Getting Rid of Residual Full Length Probe in Ribonuclease Protection Assays
Although a DNase step to remove DNA template is usually routine at the end of an in vitro transcription reaction, at Ambion we have empirically found that the newly synthesized RNA probe molecules can sometimes protect the complementary DNA template strand from digestion. We have shown this by labeling the DNA template prior to transcription, synthesizing unlabeled RNA, and then treating the reaction with DNase. Normally one would expect all of the labeled DNA template to have been digested. However when such a reaction is denatured, run on a polyacrylamide/urea gel, and exposed to film, a band of exactly the predicted probe size is seen. If such protection occurs, the researcher who gel purifies an RNA probe may still carry over some "protected DNA template" - those who don't gel purify certainly will.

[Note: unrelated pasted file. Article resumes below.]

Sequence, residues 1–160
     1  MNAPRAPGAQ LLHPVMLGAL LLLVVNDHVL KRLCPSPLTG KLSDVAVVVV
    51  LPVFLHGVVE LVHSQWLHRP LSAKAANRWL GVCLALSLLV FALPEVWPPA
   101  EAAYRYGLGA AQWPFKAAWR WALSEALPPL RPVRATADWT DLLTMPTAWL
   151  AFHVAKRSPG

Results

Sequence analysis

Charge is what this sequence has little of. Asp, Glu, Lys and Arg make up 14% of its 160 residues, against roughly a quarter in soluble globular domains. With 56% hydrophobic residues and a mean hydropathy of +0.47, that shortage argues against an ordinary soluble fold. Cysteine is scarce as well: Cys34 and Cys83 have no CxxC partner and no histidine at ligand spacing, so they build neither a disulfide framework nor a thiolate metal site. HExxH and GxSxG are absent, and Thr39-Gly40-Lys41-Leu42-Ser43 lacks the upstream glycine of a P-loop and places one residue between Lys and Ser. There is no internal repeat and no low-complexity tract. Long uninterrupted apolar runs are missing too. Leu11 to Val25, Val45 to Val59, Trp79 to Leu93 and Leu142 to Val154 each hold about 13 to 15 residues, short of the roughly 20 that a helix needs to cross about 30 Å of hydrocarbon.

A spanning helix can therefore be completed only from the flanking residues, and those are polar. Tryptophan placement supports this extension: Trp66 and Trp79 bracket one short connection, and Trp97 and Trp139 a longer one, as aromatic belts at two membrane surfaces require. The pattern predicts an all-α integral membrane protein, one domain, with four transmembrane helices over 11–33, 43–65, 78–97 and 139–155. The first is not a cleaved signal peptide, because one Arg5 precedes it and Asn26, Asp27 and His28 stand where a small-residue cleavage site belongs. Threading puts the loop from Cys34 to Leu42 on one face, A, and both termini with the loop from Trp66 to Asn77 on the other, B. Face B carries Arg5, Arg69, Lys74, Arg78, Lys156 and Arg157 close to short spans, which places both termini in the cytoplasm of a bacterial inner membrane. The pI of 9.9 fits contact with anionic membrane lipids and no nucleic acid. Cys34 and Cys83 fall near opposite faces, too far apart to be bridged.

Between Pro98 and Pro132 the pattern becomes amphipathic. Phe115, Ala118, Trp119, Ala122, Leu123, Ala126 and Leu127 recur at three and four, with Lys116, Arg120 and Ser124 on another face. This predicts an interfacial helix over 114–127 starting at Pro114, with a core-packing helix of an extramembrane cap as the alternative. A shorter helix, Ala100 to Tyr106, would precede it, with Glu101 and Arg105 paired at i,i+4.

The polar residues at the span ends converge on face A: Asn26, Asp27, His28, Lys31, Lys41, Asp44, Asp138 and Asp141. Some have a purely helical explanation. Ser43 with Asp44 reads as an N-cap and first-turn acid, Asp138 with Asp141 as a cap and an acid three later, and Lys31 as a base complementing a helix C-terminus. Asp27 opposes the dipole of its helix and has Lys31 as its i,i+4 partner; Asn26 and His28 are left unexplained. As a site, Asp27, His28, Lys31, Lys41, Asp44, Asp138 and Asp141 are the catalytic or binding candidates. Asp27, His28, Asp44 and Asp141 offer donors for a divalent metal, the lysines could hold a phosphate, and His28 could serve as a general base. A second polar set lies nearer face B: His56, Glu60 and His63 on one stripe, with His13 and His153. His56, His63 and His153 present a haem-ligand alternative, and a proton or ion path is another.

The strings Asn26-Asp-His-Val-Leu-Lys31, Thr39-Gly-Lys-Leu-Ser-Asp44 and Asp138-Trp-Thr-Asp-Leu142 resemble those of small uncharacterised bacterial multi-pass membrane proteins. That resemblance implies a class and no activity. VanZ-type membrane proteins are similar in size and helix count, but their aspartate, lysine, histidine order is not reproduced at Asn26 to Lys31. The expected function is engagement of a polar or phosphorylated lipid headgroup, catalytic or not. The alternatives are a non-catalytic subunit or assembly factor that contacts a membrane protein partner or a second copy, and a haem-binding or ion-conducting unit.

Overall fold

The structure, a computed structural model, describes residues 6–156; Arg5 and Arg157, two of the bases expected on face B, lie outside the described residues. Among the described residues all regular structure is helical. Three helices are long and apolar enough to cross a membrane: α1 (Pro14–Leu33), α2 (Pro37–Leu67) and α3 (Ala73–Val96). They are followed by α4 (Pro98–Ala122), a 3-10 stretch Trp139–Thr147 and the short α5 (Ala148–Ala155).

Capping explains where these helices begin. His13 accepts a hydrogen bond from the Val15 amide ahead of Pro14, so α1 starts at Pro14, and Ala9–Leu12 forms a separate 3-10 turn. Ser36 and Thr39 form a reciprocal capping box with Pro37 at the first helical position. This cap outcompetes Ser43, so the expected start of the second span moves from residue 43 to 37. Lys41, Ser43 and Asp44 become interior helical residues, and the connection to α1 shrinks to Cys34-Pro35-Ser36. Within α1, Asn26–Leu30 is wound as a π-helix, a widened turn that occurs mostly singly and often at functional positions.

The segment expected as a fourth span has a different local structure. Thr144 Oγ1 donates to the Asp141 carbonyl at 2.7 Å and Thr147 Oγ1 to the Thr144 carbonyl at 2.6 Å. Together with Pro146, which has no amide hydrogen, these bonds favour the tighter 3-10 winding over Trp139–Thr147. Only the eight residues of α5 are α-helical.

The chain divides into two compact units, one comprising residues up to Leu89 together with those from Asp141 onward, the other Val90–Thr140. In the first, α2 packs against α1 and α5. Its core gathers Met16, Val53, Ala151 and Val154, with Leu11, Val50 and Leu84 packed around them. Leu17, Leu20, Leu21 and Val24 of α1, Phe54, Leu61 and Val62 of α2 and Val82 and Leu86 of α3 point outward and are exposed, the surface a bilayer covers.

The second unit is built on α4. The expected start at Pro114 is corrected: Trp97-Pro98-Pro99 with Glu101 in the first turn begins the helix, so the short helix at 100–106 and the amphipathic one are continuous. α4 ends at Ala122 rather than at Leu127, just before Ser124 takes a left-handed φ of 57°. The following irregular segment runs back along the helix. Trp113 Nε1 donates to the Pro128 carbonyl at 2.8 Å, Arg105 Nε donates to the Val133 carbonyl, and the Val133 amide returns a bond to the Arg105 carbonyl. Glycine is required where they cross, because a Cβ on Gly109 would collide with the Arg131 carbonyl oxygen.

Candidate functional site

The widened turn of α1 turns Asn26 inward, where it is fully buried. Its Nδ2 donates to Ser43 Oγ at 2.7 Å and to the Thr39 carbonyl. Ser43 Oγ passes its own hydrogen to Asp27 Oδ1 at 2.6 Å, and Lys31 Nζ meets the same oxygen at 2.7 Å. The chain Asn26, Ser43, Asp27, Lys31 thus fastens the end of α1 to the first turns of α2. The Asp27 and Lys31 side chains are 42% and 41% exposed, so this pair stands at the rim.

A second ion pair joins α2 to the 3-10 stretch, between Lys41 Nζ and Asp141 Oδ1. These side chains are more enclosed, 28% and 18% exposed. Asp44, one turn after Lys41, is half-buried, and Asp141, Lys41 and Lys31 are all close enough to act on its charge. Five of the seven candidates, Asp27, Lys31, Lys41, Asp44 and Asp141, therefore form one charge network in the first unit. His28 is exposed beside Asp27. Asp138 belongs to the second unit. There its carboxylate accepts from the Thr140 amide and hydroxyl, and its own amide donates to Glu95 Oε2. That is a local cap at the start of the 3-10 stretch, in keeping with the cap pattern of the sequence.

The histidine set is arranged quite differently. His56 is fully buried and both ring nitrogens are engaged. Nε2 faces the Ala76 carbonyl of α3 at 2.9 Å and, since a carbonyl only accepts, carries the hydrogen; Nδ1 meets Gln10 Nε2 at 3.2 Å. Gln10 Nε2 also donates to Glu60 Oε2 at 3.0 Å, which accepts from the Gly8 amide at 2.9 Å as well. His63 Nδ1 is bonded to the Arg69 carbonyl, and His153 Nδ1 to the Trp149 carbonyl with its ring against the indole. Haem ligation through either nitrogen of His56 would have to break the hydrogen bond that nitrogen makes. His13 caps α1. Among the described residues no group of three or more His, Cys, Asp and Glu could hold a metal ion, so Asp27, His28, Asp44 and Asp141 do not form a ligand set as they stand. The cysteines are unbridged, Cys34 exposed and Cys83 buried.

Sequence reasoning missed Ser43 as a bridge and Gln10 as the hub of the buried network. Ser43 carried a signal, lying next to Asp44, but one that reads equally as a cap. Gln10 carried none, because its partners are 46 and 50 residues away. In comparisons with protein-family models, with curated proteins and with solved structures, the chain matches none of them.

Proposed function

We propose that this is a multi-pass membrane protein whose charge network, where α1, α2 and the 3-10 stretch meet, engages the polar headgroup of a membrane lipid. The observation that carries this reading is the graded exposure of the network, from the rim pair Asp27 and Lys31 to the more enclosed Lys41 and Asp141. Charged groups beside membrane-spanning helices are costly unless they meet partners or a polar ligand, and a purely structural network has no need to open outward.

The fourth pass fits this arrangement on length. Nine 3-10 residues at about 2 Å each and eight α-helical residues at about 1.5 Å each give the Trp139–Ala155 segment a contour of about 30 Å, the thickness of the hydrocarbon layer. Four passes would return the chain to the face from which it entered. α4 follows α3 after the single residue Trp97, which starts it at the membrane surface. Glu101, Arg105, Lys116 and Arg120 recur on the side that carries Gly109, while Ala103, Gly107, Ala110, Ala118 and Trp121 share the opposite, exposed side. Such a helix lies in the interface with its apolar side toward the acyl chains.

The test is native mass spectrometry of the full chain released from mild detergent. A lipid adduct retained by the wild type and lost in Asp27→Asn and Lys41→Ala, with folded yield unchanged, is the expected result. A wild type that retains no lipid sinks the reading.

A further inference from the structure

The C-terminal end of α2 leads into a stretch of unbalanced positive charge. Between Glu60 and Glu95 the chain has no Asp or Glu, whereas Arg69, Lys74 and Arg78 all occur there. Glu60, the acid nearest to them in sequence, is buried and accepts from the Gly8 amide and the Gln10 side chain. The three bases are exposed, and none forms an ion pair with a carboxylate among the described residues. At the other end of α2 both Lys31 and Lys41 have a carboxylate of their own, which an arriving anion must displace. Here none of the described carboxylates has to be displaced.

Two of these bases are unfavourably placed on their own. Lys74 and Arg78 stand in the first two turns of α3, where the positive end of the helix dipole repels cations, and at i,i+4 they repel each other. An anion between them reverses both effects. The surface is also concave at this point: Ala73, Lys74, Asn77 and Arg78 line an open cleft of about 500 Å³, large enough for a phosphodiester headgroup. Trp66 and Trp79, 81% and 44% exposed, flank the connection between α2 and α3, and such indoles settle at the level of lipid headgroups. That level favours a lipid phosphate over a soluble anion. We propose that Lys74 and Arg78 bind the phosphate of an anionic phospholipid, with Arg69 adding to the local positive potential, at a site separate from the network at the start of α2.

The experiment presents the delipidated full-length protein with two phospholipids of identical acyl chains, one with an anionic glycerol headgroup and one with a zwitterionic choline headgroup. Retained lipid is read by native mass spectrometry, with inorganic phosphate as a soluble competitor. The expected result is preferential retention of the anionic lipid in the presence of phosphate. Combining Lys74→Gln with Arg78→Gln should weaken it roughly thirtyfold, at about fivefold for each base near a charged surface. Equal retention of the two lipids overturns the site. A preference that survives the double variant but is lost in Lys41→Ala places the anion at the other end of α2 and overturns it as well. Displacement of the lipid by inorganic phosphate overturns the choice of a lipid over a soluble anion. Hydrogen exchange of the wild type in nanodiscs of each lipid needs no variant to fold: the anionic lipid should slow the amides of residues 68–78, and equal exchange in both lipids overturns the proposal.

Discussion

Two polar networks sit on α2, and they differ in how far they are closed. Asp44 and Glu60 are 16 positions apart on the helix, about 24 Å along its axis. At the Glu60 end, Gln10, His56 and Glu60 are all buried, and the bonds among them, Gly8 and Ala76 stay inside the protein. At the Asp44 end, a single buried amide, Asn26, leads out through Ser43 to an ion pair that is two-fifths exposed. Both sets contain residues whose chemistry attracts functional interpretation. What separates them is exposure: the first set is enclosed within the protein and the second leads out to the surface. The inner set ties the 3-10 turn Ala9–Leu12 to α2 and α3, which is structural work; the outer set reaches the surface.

- If planning to gel purify in vitro transcribed RNA probes, skip the DNase step all together. The longer template DNA will not comigrate and therefore, will be left in the gel. Be sure to denature well before loading the gel. Otherwise, a small amount of probe may stick to the template and run double-stranded at a higher molecular weight.
- Another option is to denature the template and newly synthesized RNA directly after the transcription reaction, before adding the DNase. We recommend doing this as follows:
- Heat the transcription reaction to 95°C for 5 min.
- Place immediately on ice.
- Add DNase, bring to 37°C, and incubate 15-30 min.
Note: The denaturation step will also denature placental ribonuclease inhibitor (RIP) present in all of Ambion's transcription kits. If there is any RNase bound to the RIP, it will be released and become active.
Reprinted from Ambion's TechNotes Newsletter 3:1, © 1998